colstrip

Jackie Yamanaka

The future of Colstrip was one of the topics at the Montana Energy Summit convened yesterday by U.S. Senator Steve Daines.

Three of Montana's coal mines could shutter by 2029.
U.S. Securities and Exchange Commission / U.S. Securities and Exchange Commission

Several big coal mines in Montana and Wyoming are projected to close within the next two decades. The mines' owner, Westmoreland Coal Company, is on the brink of bankruptcy.

Jackie Yamanaka

Former U.S. Energy Secretary Bill Richardson says the coal industry isn’t dead. He says it’s in transition and there needs to be a plan. Part of that plan may be forming a coalition with renewable energy producers.

Richardson envisions something akin to a Marshall Plan. It was a U.S. program that helped Europe rebuild after the devastation of World War II.

The Last Piece Of Ground

Feb 14, 2018
Lacy Jane Roberts

Robin Sterritt, a mechanical engineer who’s lived in Colstrip, Montana, for thirty years, points to the cloud of steam where the town’s famous smokestacks typically loom. It’s four degrees and the towers are hidden behind the heavy fog. “A day like today, everybody’s got the heat on,” he said.

Normally the smokestacks are hard to miss; they’re the tallest man-made structures in the state. On a clear day, you can see them thirty miles before you drive into Colstrip, a tidy town of 2300 in the southeast corner of Montana. Colstrip isn’t on the way to many places. It’s out here for only one reason: coal. 

Jackie Yamanaka

Governor Steve Bullock and Attorney General Tim Fox will convene the first meeting Monday of the advisory group formed to address the impact of the closure of two coal-fired power plants in Colstrip.  This panel will help guide the disbursement of $10 million of economic impact funds provided by the owners of the Colstrip Generating Facility.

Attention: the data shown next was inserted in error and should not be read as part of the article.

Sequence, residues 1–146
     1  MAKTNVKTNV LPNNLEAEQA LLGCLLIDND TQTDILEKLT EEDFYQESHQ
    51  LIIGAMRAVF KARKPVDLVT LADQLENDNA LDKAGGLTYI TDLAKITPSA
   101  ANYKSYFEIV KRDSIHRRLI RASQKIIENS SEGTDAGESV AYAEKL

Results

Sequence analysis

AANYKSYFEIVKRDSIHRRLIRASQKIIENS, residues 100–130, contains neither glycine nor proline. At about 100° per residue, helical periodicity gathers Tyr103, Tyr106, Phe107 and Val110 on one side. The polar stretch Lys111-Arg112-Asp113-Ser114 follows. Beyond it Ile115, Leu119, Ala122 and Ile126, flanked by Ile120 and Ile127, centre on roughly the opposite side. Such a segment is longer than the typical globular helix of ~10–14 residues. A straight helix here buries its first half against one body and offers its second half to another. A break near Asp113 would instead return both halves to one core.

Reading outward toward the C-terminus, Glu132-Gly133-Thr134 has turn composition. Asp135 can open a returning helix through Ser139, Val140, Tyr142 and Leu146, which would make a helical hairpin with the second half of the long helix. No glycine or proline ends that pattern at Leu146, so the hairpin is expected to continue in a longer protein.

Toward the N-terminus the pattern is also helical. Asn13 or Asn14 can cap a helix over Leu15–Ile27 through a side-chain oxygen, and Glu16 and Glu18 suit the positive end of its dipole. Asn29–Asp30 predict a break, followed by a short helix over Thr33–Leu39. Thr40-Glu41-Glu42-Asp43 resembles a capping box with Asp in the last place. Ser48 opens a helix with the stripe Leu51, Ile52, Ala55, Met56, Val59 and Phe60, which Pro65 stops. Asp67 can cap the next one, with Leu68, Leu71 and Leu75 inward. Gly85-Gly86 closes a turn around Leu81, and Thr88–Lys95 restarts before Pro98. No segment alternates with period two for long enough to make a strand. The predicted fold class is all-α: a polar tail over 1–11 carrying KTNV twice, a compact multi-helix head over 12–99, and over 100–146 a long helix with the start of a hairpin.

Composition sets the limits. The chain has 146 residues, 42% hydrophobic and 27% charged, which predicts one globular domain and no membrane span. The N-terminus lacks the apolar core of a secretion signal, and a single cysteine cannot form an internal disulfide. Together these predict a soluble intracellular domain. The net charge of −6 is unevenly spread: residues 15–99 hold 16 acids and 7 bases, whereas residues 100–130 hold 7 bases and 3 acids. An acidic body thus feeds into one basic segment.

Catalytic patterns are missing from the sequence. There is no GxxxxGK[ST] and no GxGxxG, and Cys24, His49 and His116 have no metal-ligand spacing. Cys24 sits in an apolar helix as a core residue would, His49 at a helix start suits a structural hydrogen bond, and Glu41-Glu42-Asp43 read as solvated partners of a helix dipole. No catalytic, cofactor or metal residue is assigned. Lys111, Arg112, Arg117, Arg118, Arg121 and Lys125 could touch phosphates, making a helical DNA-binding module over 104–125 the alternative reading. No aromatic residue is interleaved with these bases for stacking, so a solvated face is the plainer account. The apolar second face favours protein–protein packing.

Jackie Yamanaka

On Tuesday, the Trump administration will abandon the Obama-era clean power plan, but what does that mean for Montana's largest coal-fired power plant?


Failed Legislation Means Uncertainty For Colstrip's Future

May 4, 2017

When Montana's 2017 Legislature adjourned on April 28, Sen. Duane Ankney, R-Colstrip, ended almost right where he began.

At the session's beginning, he helped draw up several bills that would help his community, which is facing the impending closure of two out of four units at its massive coal-fired electrical plant. By the time lawmakers left the Capitol, many of the bills – aimed at easing impacts on jobs, tax revenues and real estate – were dead.

Jackie Yamanaka

A bill related to the pending closure of two coal fired power plants in Colstrip remains languishing in a House committee. A Representative failed to “blast” Senate Bill 338 to the floor for debate.

The bill sailed through the state Senate but was tabled in the House Energy, Technology and Federal Relations Committee after it failed to pass on an 8-8 vote.

(Flickr Photo) (https://flic.kr/p/aJaQVF)

Today lawmakers gave initial approval to a bill that would give the Montana Attorney General’s office $80,000 to intervene in a Washington state rate case that involves coal-fired power plants in Colstrip.

Rep. Jim Keane, D-Butte, sponsored House Bill 22 to ensure the attorney general’s office has enough money to represent the state’s interest in the pending closure of Units 1 and 2.

Jackie Yamanaka

Legislators are considering legislation to help the citizens of Colstrip and the state of Montana weather the pending closure of 2 coal fired power plants by requiring the plants owners compensate the community for the economic loss.  


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